2010 Season Artist Profile: Octavio Solis

In the months leading up to our 2010 Main Stage season, we’ll be profiling the creative minds behind the season’s productions—John Steinbeck’s The Pastures of Heaven, Mrs. Warren’s Profession, Macbeth, and Much Ado About Nothing—in our e-newsletters. For the inaugural installment, we are introducing newsletter subscribers to playwright Octavio Solis, a Cal Shakes Associate Artist and occasional contributor to this blog. Since 2007, Octavio has been working with us and Word for Word Performing Arts Company to adapt John Steinbeck’s The Pastures of Heaven, the first new play to debut at Cal Shakes in 25 years. What follows is the full transcript of my email interview with Octavio. To sign up for our email newsletter, click here.

Do you remember your very first piece of creative writing, or perhaps the piece that alerted you to the possibilities of the form?
Yes, a pair of poems I wrote in class when I was in the fifth grade. One was a tribute for my mother. The other was a poem called “Ode to a Prairie Dog” or something like that. I lived in Texas and we had these critters everywhere. I was very moved by a ballad I had read in class that practically sang to me: “The Highwayman” by Alfred Noyes. It really made me want to be a poet. Then I discovered Edgar Allan Poe and I consumed everything he ever wrote. All his fiction, all his poetry, everything. I loved him.

Is there a work (literary, musical, or any other form) that would be your dream adaptation project?
I would love to attempt sometime an adaptation of the life of Eva Hesse. She was a beautiful German-born American artist who was one of the biggest influences on Abstract Expressionism. She led a troubled life, surrounded with tragedy and death, from the Nazis to the brain tumor, which eventually took her life. I think her life is compelling enough to warrant a play or film.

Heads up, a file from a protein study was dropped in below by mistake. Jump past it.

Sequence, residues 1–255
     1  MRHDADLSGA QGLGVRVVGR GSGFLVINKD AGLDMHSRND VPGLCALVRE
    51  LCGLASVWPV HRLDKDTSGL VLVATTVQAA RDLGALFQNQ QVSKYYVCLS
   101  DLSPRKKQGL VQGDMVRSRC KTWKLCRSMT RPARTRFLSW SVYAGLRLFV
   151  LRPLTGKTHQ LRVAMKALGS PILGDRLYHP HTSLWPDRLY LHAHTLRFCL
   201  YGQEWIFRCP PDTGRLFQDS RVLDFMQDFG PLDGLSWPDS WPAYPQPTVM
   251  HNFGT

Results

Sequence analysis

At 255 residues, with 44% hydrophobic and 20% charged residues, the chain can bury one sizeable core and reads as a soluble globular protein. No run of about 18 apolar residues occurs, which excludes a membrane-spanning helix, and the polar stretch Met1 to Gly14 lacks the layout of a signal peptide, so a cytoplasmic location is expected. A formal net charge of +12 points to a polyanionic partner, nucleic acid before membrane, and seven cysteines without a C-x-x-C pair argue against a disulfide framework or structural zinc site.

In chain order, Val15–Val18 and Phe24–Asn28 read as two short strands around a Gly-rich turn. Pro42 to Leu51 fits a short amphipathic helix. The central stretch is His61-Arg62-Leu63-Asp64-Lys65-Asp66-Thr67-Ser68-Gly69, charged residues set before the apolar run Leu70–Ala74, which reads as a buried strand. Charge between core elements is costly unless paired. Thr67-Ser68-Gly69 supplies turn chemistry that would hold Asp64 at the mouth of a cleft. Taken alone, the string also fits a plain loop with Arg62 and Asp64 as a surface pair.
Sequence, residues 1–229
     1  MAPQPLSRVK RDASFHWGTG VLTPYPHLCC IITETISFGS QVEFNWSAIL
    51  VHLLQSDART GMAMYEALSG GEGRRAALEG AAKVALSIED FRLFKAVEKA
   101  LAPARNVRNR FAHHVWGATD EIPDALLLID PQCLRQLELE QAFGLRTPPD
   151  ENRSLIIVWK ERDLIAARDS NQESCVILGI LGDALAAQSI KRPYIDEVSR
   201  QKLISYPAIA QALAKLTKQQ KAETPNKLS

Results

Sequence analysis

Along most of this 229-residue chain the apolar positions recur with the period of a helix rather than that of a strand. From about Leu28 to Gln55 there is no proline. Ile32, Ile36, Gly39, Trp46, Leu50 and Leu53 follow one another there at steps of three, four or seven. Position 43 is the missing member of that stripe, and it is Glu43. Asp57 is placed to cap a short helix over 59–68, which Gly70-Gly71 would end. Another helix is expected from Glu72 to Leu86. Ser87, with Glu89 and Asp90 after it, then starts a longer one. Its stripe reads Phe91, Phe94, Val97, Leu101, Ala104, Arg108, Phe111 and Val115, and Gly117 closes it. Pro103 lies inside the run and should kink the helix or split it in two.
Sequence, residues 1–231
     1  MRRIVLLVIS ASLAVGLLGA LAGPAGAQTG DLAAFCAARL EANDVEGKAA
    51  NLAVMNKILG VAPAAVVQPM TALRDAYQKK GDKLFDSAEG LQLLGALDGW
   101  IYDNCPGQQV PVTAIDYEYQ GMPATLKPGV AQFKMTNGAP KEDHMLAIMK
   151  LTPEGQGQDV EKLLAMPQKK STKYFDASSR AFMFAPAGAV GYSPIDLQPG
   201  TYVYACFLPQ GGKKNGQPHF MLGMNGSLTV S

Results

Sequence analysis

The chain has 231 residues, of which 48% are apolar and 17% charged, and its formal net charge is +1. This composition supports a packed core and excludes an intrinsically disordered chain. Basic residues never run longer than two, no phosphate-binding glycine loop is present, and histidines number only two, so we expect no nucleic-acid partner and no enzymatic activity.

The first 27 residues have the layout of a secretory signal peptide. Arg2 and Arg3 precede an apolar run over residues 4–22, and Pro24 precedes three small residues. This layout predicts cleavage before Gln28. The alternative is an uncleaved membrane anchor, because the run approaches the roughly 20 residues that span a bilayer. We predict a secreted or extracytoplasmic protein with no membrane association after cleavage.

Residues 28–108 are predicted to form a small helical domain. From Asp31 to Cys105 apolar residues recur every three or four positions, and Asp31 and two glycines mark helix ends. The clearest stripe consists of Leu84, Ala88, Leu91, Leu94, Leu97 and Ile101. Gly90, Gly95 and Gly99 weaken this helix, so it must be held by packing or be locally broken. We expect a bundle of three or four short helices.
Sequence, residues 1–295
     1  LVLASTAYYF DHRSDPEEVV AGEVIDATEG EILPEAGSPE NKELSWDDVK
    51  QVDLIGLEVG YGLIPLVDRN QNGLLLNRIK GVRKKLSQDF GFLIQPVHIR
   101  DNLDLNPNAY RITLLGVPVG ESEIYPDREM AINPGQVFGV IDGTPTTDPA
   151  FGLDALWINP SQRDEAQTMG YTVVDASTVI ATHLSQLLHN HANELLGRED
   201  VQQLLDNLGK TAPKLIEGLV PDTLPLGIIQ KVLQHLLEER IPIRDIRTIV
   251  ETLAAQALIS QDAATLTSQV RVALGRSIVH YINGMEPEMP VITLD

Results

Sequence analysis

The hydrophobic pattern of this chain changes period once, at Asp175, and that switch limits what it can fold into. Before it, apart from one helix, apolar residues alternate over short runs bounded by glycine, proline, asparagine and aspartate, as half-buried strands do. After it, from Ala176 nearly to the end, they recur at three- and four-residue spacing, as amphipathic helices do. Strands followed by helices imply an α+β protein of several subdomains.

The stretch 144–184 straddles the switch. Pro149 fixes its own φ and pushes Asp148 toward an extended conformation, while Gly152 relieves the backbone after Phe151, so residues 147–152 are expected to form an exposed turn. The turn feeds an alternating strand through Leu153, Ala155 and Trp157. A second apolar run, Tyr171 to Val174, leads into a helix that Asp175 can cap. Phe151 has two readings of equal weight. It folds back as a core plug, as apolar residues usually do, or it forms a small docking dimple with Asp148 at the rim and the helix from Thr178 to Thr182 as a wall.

What inspires you right now? Any particular music, current events, people, et cetera?
Music is a chief inspiration. I listen to jazz from every epoch, particularly the bebop era, and the jazz-flavored world music coming from the ECM label: Anouar Brahem and Arve Henrikson and the Tomasz Stanko Quartet. Really dark moody stuff. The music takes me to other worlds.

If you could have written any play in history, what do you wish it could have been?
A Streetcar Named Desire. Maybe Our Town.

Who are your favorite writers (theatrical and nontheatrical, living or deceased)?
That changes from year to year and mood to mood. Right now I like the fiction of Roberto Bolaño and the poetry of Mark Strand. I am enamored of the works of Mary Oliver too. And Thomas Hardy. His poetry is as rich in story and nuance as his novels.

You’ve been so very busy these last few years. Do you have any plans to slow down in the next months or years? Or are you just building up momentum to keep going at a similar pace?
I have slowed down. My body has buckled under me and imposed a period of rest. So I am laying low at the moment. I like it. I have been working at a pace that was killing me, and now I don’t think I want to do that anymore.

Subscribe now to get the best seats at the best prices for John Steinbeck’s The Pastures of Heaven, and the rest of our 2010 season. Photo by Anne Hamersky.


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